What Joe Rogan Wrought: Spotify’s Dawn Ostroff got paid 334 million stream exit package for “investing ahead of revenue”

@robarcand and @PoRican: Black Sheep Sue Universal Music Group Over Spotify Stock Sales

[Editor Charlie sez: The more interesting claim is against Spotify for inducing a breach and discriminating against all the artists who didn’t get stock, RSUs or something that represented the value of the stock. But the really interesting case is against the publishers for conspiring to keep streaming mechanicals at a “less than zero” rate while braying about how great a job they’d done in negotiating at the CRB with streaming and freezing the mechanical rate for physical over the same period that just happened to correspond to Spotify’s launch.]

Black Sheep have filed a class-action lawsuit against Universal Music Group, Rolling Stone reports and Pitchfork can confirm. The 1990s hip-hop duo allege that the label owes more than $750 million in royalties to numerous Universal artists due to an early “sweetheart” arrangement with Spotify, which allowed the streaming company to pay less in royalties in exchange for Spotify stock. The artists are suing Universal for breach of contract, breach of duty of good faith and fair dealing, and unjust enrichment.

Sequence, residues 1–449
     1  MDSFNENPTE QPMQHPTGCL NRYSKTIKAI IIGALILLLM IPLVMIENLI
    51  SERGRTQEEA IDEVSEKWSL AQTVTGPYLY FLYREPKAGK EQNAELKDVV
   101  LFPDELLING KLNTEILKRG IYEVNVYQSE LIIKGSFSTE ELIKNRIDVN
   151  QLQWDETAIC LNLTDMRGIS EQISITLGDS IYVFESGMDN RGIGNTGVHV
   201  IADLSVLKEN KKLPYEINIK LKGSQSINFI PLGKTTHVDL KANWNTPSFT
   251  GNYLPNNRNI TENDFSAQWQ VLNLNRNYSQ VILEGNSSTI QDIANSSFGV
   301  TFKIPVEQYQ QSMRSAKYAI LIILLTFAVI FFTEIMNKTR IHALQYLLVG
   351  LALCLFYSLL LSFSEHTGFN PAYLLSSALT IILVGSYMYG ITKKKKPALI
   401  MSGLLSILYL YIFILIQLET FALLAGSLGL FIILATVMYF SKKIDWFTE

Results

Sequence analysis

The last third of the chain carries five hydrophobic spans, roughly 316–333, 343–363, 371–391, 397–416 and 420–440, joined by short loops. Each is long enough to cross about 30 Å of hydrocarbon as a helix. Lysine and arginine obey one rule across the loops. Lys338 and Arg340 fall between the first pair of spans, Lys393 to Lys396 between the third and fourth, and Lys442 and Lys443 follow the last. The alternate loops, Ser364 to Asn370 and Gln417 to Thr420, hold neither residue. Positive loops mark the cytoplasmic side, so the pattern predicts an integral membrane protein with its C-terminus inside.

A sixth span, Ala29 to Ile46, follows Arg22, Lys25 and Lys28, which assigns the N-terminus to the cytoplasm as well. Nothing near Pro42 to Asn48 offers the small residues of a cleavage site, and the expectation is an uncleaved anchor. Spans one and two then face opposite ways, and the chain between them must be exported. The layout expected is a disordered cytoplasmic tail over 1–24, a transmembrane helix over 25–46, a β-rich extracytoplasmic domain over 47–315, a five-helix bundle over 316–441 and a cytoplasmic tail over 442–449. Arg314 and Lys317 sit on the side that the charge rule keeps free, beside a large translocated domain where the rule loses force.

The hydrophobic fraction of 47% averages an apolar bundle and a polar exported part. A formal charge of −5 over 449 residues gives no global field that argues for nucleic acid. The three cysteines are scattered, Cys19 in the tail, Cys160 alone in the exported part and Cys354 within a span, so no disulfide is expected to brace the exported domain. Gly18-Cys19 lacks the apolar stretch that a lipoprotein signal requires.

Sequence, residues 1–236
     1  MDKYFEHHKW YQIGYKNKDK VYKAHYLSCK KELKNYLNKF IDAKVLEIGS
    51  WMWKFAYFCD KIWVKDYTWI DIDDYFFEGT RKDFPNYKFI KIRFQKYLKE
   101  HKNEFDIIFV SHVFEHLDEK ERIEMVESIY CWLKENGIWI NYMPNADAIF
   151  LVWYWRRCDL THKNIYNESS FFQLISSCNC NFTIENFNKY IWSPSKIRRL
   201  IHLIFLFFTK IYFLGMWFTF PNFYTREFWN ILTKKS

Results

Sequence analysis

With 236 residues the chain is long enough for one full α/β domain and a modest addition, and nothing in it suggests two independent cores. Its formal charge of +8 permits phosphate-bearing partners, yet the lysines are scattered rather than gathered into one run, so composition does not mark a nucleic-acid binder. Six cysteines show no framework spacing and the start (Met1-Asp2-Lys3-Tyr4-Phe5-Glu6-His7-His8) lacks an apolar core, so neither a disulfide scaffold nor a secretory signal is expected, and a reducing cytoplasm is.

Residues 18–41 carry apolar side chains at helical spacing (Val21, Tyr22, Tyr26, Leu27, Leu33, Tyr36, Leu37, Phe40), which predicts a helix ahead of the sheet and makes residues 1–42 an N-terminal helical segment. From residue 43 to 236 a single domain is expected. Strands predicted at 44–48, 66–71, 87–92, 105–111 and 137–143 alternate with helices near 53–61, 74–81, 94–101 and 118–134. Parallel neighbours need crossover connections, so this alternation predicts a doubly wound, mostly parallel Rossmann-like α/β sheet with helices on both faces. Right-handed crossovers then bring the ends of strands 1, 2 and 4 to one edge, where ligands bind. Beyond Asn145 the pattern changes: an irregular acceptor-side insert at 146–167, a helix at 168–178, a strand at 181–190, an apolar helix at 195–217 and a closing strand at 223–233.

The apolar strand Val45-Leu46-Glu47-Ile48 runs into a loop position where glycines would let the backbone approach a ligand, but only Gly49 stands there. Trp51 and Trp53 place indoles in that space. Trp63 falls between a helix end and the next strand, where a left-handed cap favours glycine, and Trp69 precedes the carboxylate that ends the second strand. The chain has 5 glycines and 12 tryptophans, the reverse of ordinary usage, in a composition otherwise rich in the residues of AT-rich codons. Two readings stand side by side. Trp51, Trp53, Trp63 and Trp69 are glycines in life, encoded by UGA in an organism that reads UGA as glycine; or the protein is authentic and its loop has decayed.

In the lawsuit, plaintiffs Andres “Dres” Vargas Titus and William “Mista Lawnge” McLean allege that Universal “is withholding hundreds of millions of dollars in royalties” due to a “previously undisclosed” agreement with Spotify. This “sweetheart” arrangement allowed Spotify to license music from the label at a discounted rate “in exchange for Spotify stock and lower royalty payments.”

Read the post on Pitchfork

@alliecanal8193: ‘They’ve gone too far’: How Spotify dug a giant hole — and how it can dig itself out

But after a disastrous 2022 for investors, Spotify’s dive into podcasting raises key questions about the company at large:

  • Does the business model work?
  • How long until sustained profitability?
  • Is the streaming service losing core appeal for the younger audiences, who are the most avid music consumers?
  • Has its CEO lost credibility with investors?

The answers to these questions hold the key to whether Spotify can mount a turnaround in the eyes of investors in the years ahead.

Read the post on Yahoo Finance